Docs reveal Crane murder confessionCUMBERLAND, Ind. (WISH) - Two men have been formally charged after the shooting deaths of 21-year-old Jeremy Crane and his 7-year-old niece, Kyleigh.
Michael Bell and Jeremy Priel are each facing two charges of murder, one charge of robbery and one charge of carrying a handgun without a license.
A lengthy court document now spells out the investigation into the murders, along with an evening request by Bell to speak to police to “confess.”
The two men continually appeared to point fingers at each other for the slayings. Priel told police in one interview he waited by a car wash area for Bell, who returned with a PlayStation and Xbox.
While in jail at 7 p.m. Monday, Bell requested to speak to police to offer a confession, court documents say. Bell began to tell police one story, but later changed it. Finally, he told police the plan was for Bell to knock on the door and ask Jeremy Crane if he could use the bathroom. Then, Priel was supposed to come in and rob everyone.
Bell described being in the bathroom when he said Jeremy Crane yelled for him to get out of the bathroom. When he did, Bell said Priel put a gun in his face and told him to get on the floor, according to the probable cause affidavit. Bell said Priel made everyone get on the ground, and then Priel shot Jeremy Crane. Due to his proximity, Bell said blood splattered on him.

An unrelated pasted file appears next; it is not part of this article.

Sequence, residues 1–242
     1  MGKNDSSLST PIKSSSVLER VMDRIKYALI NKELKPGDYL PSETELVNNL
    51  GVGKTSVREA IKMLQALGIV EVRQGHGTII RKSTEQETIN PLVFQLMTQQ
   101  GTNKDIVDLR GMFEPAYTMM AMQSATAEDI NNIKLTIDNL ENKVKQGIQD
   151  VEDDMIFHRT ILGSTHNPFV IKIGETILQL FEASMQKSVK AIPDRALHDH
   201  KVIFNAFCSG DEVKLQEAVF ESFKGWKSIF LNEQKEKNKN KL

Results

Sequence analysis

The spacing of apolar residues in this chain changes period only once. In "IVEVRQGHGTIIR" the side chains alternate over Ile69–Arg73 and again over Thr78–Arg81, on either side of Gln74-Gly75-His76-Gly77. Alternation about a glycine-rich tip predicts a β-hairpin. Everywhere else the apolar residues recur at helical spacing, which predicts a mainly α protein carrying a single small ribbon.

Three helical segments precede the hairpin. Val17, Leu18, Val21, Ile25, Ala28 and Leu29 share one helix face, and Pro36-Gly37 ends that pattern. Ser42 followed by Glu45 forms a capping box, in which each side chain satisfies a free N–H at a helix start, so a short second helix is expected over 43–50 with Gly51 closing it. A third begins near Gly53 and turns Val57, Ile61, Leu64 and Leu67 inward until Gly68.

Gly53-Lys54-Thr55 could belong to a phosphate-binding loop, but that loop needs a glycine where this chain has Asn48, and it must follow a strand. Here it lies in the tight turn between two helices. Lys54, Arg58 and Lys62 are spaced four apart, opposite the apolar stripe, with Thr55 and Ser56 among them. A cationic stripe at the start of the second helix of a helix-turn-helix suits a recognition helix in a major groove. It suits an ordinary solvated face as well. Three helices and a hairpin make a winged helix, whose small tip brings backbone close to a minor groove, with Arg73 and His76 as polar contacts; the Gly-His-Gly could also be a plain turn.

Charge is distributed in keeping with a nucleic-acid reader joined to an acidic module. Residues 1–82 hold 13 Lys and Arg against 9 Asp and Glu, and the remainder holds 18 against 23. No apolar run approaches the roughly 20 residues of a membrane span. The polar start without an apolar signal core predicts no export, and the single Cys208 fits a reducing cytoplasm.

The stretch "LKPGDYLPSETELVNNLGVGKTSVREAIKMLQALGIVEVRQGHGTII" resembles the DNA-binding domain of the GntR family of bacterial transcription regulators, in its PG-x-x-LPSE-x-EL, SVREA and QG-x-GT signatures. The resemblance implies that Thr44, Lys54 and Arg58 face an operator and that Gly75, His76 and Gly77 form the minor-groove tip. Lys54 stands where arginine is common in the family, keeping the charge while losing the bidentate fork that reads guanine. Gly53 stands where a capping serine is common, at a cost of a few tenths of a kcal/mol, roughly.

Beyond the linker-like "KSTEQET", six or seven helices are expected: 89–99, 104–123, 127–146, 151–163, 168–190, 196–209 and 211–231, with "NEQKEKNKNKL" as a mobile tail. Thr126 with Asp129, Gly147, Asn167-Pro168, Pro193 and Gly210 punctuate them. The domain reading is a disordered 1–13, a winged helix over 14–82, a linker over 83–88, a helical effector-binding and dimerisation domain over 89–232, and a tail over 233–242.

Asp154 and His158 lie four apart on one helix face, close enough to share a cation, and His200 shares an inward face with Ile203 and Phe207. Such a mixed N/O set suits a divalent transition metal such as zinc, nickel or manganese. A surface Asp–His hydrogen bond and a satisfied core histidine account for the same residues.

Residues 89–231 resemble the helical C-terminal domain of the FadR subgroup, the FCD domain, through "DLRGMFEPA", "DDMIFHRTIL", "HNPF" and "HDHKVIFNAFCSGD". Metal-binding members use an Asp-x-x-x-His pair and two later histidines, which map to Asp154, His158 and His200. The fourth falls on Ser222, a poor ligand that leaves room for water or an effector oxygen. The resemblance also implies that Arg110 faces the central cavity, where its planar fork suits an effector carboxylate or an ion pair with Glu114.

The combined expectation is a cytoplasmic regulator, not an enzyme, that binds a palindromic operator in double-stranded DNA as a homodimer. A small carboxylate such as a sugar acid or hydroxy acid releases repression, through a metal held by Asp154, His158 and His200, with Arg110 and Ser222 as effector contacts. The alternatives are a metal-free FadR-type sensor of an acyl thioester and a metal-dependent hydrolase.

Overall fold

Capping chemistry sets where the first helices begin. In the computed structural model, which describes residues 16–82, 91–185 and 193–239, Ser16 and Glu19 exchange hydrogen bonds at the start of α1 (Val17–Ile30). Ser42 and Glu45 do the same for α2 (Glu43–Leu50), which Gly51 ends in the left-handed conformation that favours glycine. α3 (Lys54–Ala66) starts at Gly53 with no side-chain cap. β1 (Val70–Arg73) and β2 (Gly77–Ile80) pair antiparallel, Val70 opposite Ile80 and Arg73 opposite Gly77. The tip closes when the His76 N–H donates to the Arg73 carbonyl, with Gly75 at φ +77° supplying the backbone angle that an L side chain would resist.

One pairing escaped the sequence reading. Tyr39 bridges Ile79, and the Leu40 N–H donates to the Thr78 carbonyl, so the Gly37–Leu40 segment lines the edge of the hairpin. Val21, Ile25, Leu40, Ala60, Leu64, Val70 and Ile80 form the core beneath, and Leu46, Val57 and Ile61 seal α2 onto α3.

Police explain in court documents that Bell’s knowledge of the crime scene was so detailed that he had to have been there. Bell said after Jeremy Crane was shot, Bell got up to gather the video game systems. He said Priel shot him again. Bell said he didn’t know how Kyleigh Crane was shot because he ran out of the house.
During the investigation, officers talked to multiple people who interacted with the accused men.
One witness told police Bell was in her home on the day of the deaths and was insistent about watching the news at 6 p.m., the probable cause affidavit says. When the story came on about the Cranes being found dead, the woman said Bell called them his “adopted brother” and “adopted niece.” Yet, she said Bell showed little or no emotion and did not cry.
Family members of the victims characterized Bell as a close family friend who once lived in their home.
A woman associated with Priel said she introduced Priel to Bell. She said Priel’s demeanor would change when he saw news coverage of the Cumberland murders, according to court documents. She also said Bell told Priel on the bus, “I laid my thing down and did what I had to do.” She was the same woman Bell requested throw away his jeans, despite her offers to clean them for him.